Leader of the PAC

24 Jun 10
The new chair of the Public Accounts Committee has been dogged by controversy throughout her career. But Margaret Hodge tells Lucy Phillips that this role gives her the freedom she craves
By Lucy Philips

25 June 2010

The new chair of the Public Accounts Committee has been dogged by controversy throughout her career. But Margaret Hodge tells Lucy Phillips that this role gives her the freedom she craves

There’s a frankness about Labour MP Margaret Hodge, which has contributed to the ups and downs of her 40-year political career. She rose to the top of local government, leading the London Borough of Islington for ten years before becoming MP for Barking in 1994. She held ministerial posts for all but one of the 13 years that Labour was in power – taking a year out to care for her terminally ill husband.

But her stint as the first children’s minister in the early 2000s was dogged by her response decades earlier to an inquiry into a child abuse scandal in Islington. As employment minister a few years later, she controversially suggested that former MG Rover workers could find jobs at Tesco.

Then in 2006 her candid remarks about local racial tensions were blamed for helping the far-Right British National Party gain 12 seats during council elections in her constituency, making it the main opposition in the borough and prompting calls for her resignation.

But recent weeks have seen her win two very important, life-changing battles. First, she trounced the BNP in May’s general election, doubling her majority and seeing off a high-profile challenge from leader Nick Griffin.

Shortly after, she became the first elected chair of the Public Accounts Committee, claiming one of the most influential backbench roles in the Commons and beating off stiff competition from five other Labour MPs.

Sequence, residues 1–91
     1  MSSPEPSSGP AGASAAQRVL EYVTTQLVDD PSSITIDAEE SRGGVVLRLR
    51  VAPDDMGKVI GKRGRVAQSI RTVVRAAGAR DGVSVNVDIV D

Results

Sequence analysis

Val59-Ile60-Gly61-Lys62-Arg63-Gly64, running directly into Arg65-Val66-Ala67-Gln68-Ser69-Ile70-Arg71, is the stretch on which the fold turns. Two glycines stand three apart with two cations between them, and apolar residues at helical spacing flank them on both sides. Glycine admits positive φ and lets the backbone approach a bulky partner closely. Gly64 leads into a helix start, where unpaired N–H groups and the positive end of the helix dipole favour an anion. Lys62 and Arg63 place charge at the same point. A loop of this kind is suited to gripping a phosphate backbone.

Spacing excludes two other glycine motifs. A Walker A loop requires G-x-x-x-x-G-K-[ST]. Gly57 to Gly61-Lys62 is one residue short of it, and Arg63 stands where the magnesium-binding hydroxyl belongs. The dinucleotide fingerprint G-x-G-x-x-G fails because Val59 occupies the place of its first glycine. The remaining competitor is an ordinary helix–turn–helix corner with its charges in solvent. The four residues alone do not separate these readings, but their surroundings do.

As she prepares to move into her new office, one of Westminster’s finest, Hodge is still buoyant from the BNP triumph. ‘Beating the BNP wasn’t something we did in five minutes, it took us four years of dedicated endeavour... everything we did was about reconnecting mainstream politicians to local people,’ she tells Public Finance.

Moreover, she claims that many of her critics now believe she was right all along – Labour had failed to deal with the local housing and employment problems ­created by huge, sudden influxes of immigrants. She feels a consensus has begun to emerge on her previously contentious view that economic migrants ‘should have to put into the system’ before they are entitled to ‘rationed’ public services such as social housing and benefits.

‘There ought to be rules that reflect your link to your local community and the length of your residence in the local community before they can access what is a limited public good.... What tends to happen with quite a lot of the stuff I’ve said is that I’ve been a little bit before my time,’ she says.

This straight-talking approach to such thorny issues positions her well for life as PAC chair, and Hodge cannot hide her excitement about her ‘dream job’ – albeit in Opposition. She describes her own credentials: ‘I’ve always gone for consensus politics and persuasion rather than confrontation. It doesn’t mean I’m not tough and not clear in what I think but I’ve always worked to try and bring people to that consensual view... I’m good at squirrelling away, I’m a person who wants to get things done.’